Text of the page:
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The Truth About Soy

There still seems to be some confusion surrounding soy consumption. Organic whole soy products are amongst the healthiest foods on the planet. A study that came out in 2020 looked at soy versus dairy milk, and all dairy (52,000 North American women who were initially free of breast cancer). Over 1,000 new breast cancers developed within an 8 year period, and when the most versus the least consumers of dairy milk were compared, there was a 50% increase in breast cancer for those who consumed the most dairy milk. The study then compared the average amount of dairy milk consumed versus those who drank only soy, and there was 32% less breast cancer in soy milk consumers. So, according to Dr. Kristi Funk, soy is not only neutral, it is actually protective against getting breast cancer in the first place and having it recur, or dying from it once diagnosed.
Dr. Funk explains how studies have confirmed that people who consume higher amounts of whole soy products have a reduction in their circulating estrogen. More isoflavones = less estrogen = less breast cancer. 
Her organization, The Pink Lotus Foundation, is a non-profit dedicated to helping low-income, uninsured and underinsured women. Here are a few excerpts from Pink Lotus on the the health benefits of eating soy:
One of the largest studies in this area comes from the Shanghai Women’s Health Study. They looked at the diets of more than 73,000 Chinese women and concluded that there is “strong evidence of a protective effect of soy food intake against premenopausal breast cancer.” (Click here for the study) 
Another study looked at the diets of Asian women living in the United States and found that soy consumption starting from an early age resulted in the strongest reduction of breast cancer. (Click here for the study)

Soy also helps stop tumors from growing. Tumors flourish by taking over existing blood vessels and spurring on new vessels. This is called angiogenesis and isoflavones impede this process by helping to stop the growth of new blood-vessel cells. Without this continued blood supply, the tumor can’t grow. Besides soy’s antiproliferative, antioxidant, anti-angiogenesis, and anti-inflammatory properties soy is considered a complete protein, meaning it has all 9 essential amino acids needed by humans. If after reading this (and the annotated studies) you decide to add whole, soy foods to your diet, Pink Lotus suggests you strive for organic, fermented products. They not only have all the benefits listed above, but they are natural probiotics. Foods in this category include tempeh (fermented soybean cake), miso (seasoning paste made from fermented soybeans), tamari (gluten-free fermented soy sauce), and natto (a fermented soybean condiment/breakfast). You can also add non-fermented options such as organic tofu, edamame (soybeans), and soy milk. Just make sure the first ingredient is “organic soybeans.” Put it back on the shelf if its ingredients are soy isolate or soy protein. 🙂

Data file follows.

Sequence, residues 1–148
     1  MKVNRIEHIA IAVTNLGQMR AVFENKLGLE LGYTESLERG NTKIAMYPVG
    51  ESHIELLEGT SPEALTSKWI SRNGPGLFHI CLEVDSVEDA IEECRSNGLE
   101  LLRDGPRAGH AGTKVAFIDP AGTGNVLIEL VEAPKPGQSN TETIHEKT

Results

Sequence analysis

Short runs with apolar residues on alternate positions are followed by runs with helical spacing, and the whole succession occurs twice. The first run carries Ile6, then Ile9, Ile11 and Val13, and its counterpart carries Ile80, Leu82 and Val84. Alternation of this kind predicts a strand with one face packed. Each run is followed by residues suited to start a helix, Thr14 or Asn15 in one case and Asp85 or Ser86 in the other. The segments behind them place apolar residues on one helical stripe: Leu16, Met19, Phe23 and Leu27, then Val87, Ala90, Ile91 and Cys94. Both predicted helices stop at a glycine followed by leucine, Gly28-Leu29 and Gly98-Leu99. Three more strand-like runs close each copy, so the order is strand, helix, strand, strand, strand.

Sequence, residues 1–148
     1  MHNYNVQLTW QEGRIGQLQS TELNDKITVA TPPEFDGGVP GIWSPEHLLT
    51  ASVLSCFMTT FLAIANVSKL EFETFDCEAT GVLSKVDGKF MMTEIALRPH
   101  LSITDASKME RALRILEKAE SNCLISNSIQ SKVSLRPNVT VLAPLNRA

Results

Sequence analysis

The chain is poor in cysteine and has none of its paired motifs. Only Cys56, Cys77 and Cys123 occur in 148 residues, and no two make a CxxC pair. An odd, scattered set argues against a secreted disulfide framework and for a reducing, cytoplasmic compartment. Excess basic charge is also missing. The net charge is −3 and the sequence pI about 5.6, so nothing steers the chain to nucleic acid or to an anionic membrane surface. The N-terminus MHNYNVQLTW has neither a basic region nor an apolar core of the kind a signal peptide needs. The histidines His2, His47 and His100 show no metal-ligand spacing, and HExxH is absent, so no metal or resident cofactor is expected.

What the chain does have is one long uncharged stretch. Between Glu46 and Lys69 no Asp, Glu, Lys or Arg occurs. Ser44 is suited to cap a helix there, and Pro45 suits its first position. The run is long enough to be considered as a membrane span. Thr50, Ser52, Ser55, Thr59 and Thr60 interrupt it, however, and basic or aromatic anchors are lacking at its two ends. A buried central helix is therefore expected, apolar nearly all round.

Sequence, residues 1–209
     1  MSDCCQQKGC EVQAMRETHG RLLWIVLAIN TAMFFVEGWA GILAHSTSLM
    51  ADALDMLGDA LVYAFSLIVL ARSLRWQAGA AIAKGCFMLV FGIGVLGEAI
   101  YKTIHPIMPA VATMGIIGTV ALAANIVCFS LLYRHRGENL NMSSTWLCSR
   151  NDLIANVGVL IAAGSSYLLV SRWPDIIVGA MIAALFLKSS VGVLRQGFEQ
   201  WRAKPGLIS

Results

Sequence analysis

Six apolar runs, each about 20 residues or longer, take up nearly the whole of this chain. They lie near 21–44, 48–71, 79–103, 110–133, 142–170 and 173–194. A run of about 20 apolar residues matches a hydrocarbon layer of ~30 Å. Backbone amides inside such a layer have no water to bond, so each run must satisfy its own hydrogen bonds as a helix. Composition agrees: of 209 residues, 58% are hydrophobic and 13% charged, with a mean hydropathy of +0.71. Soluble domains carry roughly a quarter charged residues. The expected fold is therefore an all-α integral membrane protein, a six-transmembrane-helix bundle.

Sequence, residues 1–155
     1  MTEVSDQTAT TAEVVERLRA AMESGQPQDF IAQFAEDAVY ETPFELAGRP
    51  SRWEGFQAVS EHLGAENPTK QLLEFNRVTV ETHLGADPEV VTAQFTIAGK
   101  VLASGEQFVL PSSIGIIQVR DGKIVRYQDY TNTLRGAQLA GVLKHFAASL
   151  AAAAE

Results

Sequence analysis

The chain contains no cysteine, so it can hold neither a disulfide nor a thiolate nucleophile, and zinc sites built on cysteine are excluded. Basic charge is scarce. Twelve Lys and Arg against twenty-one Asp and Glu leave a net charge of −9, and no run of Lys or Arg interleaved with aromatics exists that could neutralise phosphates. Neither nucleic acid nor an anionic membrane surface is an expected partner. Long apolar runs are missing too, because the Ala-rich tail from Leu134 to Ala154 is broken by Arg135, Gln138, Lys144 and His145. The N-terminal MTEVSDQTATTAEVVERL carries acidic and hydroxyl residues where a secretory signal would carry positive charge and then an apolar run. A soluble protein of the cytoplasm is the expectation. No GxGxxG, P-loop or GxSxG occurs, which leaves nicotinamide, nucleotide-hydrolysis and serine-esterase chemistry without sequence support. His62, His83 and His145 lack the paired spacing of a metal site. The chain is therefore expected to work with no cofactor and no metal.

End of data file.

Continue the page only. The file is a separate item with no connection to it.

The science is a bit complicated, but here is the best explanation that I have read so far, on why there is still so much confusion about soy (In addition to the Dairy industry’s lies and repeated efforts to misinform the public, and discredit competing industries). This excerpt is from an interview with John Robbins & Dr. Kristi Funk (from the 2020 Food Revolution Summit):


John Robbins: Now, Kristi, this is an important topic, and I know it’s one that you’ve researched in great depth. Can you help us understand what the truth is about soy? Can you set the record straight about soy?

Dr. Kristi Funk: I’d love to, and thank you for asking. So first off, apologies for 19 years of giving you false information about avoiding soy. I was the breast cancer surgeon out there saying, “You know what? We know that soy contains isoflavones, some of which act like phytoestrogens, these plant- based, estrogen-like compounds. And they have very near identical chemical structure to the estrogen in your body. So, you know, 80% of all breast cancer cells have a little receptor sitting on them for estrogen, and when estrogen hits that receptor, it will send a signal to the cancer cell to multiply and divide. Well, we don’t know if these plant estrogens are just doing the same thing, filling the receptor, so how much do you like tofu? Spit that miso out of your mouth.”